A glossy, streamlined kitchen updates this Victorian row house for 21st-century family life.
When you walk into the kitchen of this grand residence in the Back Bay, your first instinct is to wonder: Where are the cabinets? The answer lies in what first appears to be a glossy white wall.
Without handles or knobs, these push-to-open, mirror-finished Parapan cabinets are just one example of how Jin Choi and Thomas Shine, the wife-and-husband team of Brookline-based Choi + Shine Architects, designed a kitchen that’s remarkable for what’s missing. Or seems to be. Colors and conventional details here would be superfluous; they’d create only visual clutter. For instance: Electrical outlets with Ceasarstone covers are virtually undetectable, inset flush against the Ceasarstone wall.
“Everything is concealed,” says Choi. “There’s storage everywhere, but it doesn’t look like storage. Everything is discreet. The pantry doors look like they’re part of the wall. The pocket door looks discreet opened or closed. It looks natural either way,” she says, pulling the door out from the wall. When closed, it separates the kitchen from the foyer and appears to be a sturdy wood wall panel.
For Choi and Shine, the renovation of their clients’ turn-of-the-last-century four-story row house was an exercise in fluidity. The 260-square-foot kitchen, which has sweeping bay windows and a stately view of the Charles River, was originally the dining room. The dining room, which has only one window but is partially open to the sunny kitchen, is now located where the kitchen was. “Families hang out in the kitchen most of the time, but there was this grand, sun-filled dining room,” says Choi. The homeowners had to decide whether they even needed a formal dining room, she explains, noting that when the house was built in the Victorian era, the fashion was to entertain in the dining room.
Choi and Shine brought the space into this century by creating a kitchen that not only occupies the grand room, but integrates elements that streamline and brighten it, so it appears even more spacious. And yet there’s a cozy aspect to it. A teak bench seat is built into the nook of the bay windows, creating an inviting alcove against the expansive view. The base is a pull-out drawer for storage. It also hides ductwork.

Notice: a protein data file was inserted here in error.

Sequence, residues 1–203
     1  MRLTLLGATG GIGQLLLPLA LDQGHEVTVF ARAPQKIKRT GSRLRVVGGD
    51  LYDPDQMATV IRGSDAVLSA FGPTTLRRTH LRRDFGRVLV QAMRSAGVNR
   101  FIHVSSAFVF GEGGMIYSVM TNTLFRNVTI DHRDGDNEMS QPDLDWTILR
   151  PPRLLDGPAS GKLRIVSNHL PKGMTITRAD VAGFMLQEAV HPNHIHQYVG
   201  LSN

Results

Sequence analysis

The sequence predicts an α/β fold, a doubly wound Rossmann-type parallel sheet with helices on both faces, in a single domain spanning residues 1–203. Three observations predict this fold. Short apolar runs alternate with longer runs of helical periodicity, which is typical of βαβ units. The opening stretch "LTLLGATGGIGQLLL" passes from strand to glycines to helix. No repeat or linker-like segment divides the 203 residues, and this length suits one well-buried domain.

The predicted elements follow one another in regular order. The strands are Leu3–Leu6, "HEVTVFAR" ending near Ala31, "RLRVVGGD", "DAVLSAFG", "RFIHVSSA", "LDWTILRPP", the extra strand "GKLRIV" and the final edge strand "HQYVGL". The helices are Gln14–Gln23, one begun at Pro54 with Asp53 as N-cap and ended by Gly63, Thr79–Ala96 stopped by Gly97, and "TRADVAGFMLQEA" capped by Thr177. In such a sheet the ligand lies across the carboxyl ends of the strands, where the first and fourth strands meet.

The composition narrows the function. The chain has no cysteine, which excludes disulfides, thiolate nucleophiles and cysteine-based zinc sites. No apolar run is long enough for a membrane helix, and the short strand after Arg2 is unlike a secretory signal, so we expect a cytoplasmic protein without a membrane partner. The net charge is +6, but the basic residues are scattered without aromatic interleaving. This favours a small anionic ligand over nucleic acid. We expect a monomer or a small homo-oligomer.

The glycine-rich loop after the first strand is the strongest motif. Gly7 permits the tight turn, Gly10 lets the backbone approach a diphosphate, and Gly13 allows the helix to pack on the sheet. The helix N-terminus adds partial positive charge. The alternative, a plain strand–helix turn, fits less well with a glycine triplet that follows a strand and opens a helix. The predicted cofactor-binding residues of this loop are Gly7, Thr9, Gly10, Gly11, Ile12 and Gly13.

Instead of a traditional kitchen table, there’s an island of Ceasarstone with a reflective polished finish. A central island both increases the food prep space and breaks up the room, so the family’s two young children have a play area buffered from the stove and sink. The kids’ space also has a floor-to-ceiling magnetic blackboard just shy of 3 feet wide that’s strewn with colorful letters. That clutter vanishes, though, when the teak door to the dining room, which is the same width as the blackboard, swings open, neatly concealing the magnetic wall.
Creating visual interest against the starkness of the Ceasarstone, the thin layer of flat-cut teak veneer that covers the doors and bench is made from sequential cuts from the same log. The cuts are bookmatched, a technique of aligning the long panels of veneer so the wood-grain patterns of adjacent panels mirror one another. “It starts to feel like art, versus the actual pattern of the material,” says Choi.
A desk is built into the half wall that divides the kitchen and the dining room. Anyone sitting there looks into the dining room. That is, however, until a folding divider of painted wood atop the half wall is drawn, allowing the owners to close off the kitchen when using the dining room.
Though fiercely minimal, the kitchen doesn’t seem incompatible with the dark Victorian foyer. “The windows facing the river brighten the room,” says Choi. “You enter, and the light from the kitchen pulls you to the inner side of the house.” She adds, “It’s an interesting spatial sequence – it goes in, in, in, and out to the river.”
Liza Weisstuch is a writer in Boston. Send comments to firstname.lastname@example.org.